4. They are criminals and/or terrorists/will steal our jobs
    All asylum seekers go through mandatory health, character and criminal record checks before arriving in the country. The overwhelming majority pass and are found to be genuine refugees. Many refugees have contributed to the success of Australia as a nation, including writer Anh Do, businessman Nathan Werdiger, and Westfield founder Frank Lowy.
  5. They “country-shop” to get to Australia
    Places asylum seekers “pass” before reaching Australia are not fit to take in asylum seekers. Malaysia has not signed the Refugee Convention (1951), which outlines the obligation to accept refugees and give them basic human rights. Refugees are similarly treated poorly in countries such as Indonesia and Cambodia, where they cannot work or get an education even if the unlikely situation that they are accepted as refugees. Escaping these countries therefore becomes a simple matter of survival.
  6. Detention is for processing. They need to be processed somewhere.
    Yes, but detention centres on Manus Island and Nauru have been found on numerous occasions to be relatively uninhabitable. The Moss Report showed serious allegations of sexual abuse, some towards young children. The living spaces are crowded, damp and adequate medical care is not received, such as in the case of Hamid Kehazaei who died from septicaemia after a cut on his foot. Women are made to line up for each sanitary product and mental health is dangerously neglected, with reports of children and adults starving themselves and self-harming. This is partly because, in the words of Julian Burnside, “after about 12-18 months, people fall into despair and hopelessness”. Detention does not need to be mandatory and indefinite for asylum seekers, and the Australian government denying responsibility for its actions on such offshore detention centres only compounds the very real problem.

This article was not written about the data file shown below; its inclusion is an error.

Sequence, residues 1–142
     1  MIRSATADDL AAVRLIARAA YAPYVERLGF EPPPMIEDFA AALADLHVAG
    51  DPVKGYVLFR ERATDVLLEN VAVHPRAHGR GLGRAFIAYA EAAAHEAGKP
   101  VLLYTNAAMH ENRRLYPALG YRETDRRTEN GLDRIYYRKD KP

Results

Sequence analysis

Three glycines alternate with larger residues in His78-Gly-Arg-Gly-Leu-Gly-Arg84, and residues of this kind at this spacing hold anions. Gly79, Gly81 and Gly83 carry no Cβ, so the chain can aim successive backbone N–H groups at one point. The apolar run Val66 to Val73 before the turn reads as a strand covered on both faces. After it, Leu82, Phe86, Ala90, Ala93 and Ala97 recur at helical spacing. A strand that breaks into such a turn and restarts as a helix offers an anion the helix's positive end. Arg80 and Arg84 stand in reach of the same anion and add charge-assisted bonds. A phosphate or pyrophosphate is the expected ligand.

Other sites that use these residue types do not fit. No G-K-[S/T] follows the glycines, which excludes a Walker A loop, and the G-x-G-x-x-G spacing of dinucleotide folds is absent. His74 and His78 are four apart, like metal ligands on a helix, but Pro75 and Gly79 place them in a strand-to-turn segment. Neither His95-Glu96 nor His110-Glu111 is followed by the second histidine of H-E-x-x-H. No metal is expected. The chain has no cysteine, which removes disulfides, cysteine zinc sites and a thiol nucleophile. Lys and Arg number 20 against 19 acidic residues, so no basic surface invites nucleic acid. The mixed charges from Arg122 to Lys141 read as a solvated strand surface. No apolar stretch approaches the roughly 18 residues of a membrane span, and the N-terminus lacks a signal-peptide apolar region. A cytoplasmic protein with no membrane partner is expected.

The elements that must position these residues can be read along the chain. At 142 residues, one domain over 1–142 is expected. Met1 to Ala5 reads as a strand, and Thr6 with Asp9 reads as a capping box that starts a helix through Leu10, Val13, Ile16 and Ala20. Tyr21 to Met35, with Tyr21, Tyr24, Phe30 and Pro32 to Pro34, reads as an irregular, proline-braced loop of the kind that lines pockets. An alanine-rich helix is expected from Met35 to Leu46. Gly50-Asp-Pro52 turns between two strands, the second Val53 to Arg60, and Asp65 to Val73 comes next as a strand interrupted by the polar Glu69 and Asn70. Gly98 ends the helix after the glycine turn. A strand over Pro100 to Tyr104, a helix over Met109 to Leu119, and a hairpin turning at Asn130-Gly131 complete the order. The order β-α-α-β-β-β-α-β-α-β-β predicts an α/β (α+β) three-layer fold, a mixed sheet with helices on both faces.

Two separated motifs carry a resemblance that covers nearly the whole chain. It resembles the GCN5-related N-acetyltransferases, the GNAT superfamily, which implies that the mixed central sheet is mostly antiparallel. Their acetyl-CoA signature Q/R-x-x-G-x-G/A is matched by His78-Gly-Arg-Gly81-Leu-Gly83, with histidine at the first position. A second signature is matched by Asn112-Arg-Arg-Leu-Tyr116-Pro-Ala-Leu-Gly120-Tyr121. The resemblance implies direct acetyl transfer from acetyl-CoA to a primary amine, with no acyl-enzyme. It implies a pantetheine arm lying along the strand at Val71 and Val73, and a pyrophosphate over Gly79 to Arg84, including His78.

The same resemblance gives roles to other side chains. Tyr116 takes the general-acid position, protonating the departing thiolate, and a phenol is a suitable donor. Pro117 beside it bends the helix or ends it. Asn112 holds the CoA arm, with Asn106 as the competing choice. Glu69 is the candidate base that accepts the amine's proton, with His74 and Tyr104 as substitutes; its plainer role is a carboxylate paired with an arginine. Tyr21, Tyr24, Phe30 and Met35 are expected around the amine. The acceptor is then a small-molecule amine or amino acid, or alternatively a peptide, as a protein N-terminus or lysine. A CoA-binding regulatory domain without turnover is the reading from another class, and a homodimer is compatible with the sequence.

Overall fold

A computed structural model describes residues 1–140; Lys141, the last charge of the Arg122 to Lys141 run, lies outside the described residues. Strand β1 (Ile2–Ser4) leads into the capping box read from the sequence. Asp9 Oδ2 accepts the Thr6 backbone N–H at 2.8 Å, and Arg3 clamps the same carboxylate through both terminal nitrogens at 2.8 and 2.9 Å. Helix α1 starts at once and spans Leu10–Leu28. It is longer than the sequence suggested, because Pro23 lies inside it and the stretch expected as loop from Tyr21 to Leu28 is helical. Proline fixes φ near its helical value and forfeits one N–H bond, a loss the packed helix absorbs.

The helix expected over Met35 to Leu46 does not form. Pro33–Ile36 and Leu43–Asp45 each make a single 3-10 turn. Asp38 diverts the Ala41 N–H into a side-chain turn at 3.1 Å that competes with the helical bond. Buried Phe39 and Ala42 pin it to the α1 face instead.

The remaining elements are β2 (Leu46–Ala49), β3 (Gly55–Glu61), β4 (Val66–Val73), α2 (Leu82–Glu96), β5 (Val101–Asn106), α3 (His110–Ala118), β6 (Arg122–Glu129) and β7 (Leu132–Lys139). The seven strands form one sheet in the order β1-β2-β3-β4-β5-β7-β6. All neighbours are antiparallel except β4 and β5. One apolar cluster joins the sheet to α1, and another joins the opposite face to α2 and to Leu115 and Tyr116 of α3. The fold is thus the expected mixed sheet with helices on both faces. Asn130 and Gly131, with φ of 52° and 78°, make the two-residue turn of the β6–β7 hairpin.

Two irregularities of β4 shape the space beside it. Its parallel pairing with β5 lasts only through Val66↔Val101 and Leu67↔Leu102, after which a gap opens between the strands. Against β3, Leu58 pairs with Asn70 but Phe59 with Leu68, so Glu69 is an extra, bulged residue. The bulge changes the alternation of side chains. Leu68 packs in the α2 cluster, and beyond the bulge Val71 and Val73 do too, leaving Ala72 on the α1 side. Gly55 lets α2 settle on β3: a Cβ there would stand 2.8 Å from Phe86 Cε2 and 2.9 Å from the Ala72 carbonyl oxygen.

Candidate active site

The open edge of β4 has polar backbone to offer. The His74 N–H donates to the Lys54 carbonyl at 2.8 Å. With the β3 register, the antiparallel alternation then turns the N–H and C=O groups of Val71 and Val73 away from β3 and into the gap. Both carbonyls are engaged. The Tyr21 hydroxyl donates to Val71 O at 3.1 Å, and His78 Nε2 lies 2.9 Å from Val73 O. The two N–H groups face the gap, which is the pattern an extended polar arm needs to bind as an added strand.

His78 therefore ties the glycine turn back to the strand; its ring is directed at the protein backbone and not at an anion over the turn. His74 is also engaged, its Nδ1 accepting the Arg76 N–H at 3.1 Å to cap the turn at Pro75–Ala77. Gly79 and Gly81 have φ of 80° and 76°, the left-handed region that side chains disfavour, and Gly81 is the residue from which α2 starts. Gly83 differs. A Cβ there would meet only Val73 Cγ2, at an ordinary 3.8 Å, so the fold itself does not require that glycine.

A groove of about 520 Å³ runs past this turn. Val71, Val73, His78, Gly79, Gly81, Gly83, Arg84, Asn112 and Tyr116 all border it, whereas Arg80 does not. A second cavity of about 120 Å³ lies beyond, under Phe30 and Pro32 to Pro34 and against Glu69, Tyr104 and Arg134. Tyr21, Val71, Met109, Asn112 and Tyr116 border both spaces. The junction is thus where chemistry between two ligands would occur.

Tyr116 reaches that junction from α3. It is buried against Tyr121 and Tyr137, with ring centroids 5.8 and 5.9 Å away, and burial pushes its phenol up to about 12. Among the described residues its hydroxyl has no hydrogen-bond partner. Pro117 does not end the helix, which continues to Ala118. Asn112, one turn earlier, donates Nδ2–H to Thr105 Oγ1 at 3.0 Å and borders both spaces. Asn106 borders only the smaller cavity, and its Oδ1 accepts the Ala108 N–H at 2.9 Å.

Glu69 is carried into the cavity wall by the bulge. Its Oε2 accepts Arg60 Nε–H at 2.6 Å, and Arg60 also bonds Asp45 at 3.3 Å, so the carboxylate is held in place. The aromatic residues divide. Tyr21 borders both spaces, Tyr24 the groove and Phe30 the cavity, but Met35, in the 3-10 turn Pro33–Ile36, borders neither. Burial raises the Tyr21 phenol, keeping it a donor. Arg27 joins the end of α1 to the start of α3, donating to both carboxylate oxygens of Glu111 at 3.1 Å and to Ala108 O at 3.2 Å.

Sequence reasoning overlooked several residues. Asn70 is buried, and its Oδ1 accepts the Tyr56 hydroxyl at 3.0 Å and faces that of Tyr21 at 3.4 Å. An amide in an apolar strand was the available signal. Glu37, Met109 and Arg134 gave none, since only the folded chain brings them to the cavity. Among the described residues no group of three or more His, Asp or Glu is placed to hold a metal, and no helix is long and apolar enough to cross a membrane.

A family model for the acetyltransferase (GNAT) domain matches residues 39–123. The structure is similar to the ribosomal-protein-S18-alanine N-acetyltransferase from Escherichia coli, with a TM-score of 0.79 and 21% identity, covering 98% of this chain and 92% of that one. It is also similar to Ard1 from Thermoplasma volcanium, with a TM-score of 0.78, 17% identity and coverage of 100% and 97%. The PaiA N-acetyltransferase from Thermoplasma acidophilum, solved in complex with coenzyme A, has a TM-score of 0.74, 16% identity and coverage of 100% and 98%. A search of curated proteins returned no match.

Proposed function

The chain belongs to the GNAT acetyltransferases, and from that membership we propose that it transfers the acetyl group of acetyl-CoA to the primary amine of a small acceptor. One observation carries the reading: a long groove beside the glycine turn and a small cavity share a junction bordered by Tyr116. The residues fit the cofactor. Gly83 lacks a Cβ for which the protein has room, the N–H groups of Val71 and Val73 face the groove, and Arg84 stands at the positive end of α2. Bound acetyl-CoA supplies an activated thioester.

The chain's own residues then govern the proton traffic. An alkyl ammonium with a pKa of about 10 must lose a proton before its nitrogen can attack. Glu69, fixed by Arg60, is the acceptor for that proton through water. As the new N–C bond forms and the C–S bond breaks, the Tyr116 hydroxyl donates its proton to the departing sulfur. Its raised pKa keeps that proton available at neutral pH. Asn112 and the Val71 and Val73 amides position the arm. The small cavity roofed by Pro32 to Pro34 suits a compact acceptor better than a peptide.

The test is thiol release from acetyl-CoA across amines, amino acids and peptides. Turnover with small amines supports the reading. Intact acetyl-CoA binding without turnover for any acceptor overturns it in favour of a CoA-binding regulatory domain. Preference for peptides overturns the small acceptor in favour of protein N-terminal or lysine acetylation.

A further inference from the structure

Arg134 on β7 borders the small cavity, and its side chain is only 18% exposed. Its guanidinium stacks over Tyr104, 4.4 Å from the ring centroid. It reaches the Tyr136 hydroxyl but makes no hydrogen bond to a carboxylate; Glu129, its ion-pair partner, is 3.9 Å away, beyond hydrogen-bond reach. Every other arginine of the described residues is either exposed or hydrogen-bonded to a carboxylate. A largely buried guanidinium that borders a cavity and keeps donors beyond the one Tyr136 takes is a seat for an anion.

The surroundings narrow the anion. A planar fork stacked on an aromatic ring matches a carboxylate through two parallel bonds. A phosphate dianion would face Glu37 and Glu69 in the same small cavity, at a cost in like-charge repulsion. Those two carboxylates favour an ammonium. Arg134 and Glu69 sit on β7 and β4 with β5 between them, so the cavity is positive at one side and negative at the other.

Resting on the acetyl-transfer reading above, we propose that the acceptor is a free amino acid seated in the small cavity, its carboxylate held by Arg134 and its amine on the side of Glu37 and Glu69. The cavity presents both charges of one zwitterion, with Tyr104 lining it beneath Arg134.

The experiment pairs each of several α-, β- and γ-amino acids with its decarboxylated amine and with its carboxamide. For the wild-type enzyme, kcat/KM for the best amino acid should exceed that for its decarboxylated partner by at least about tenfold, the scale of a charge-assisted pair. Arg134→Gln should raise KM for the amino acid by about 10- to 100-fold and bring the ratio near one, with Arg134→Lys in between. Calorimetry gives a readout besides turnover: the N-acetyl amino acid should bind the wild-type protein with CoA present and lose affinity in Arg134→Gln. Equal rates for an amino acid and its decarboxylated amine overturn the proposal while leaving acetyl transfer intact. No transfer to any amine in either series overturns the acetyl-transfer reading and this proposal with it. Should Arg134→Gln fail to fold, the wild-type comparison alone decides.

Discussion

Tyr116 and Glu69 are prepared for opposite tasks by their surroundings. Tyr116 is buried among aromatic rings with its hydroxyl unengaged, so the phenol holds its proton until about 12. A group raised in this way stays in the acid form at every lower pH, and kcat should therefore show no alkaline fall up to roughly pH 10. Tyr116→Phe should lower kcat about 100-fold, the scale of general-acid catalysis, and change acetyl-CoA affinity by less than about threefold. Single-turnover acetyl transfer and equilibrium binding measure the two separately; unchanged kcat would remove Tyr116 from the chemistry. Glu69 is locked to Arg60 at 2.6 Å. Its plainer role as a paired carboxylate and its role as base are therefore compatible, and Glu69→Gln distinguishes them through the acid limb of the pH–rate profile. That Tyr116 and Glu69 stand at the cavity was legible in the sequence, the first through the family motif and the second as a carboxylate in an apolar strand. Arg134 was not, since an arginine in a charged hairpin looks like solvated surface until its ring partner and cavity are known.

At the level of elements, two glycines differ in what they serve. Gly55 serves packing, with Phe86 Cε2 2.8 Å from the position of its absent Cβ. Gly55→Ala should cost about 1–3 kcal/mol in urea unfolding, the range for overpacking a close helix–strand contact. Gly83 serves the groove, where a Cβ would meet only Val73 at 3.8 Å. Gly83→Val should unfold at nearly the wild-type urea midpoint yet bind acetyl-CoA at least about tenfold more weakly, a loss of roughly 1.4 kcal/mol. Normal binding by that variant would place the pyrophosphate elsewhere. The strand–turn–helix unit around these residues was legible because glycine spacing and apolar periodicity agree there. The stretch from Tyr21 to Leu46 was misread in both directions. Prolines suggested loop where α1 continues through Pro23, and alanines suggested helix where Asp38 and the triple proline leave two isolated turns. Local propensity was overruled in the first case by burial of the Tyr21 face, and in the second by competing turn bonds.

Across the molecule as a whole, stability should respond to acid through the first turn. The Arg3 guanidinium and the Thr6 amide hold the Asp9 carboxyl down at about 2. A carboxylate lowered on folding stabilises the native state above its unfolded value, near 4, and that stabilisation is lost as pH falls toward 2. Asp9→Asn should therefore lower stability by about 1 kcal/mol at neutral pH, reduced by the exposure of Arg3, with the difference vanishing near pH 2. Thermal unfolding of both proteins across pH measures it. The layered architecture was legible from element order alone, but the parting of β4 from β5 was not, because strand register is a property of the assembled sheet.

7. They’ll take all the Centrelink and bleed the country dry!!
    Keeping offshore detention centres open cost Australia upwards of $1 billion from January-October 2014. Asylum seekers get the same Centrelink payments as any other adult, however most who have been resettled are employed in rural (and metropolitan) communities and aim to contribute to Australia as part of the workforce.
  8. We can’t just let people in indeterminately/indefinitely! The floodgates will be broken! The helpless people will arrive like the plague and then we will be overrun! (Runs off screaming hysterically).
    It is hard to accurately determine how many people would attempt to seek asylum if Australia’s policies were half-way generous, because it’s been so long since they have been. However, Bruce Haigh notes that when the last generous asylum seeker policy was enacted (towards Vietnamese refugees under Malcolm Fraser), refugees still only constituted 0.1% of the population.
  9. It was all Gillard’s fault!!
    Um, what? Yeah, ok.
  10. The deficit!!!!!!!!

…. Right.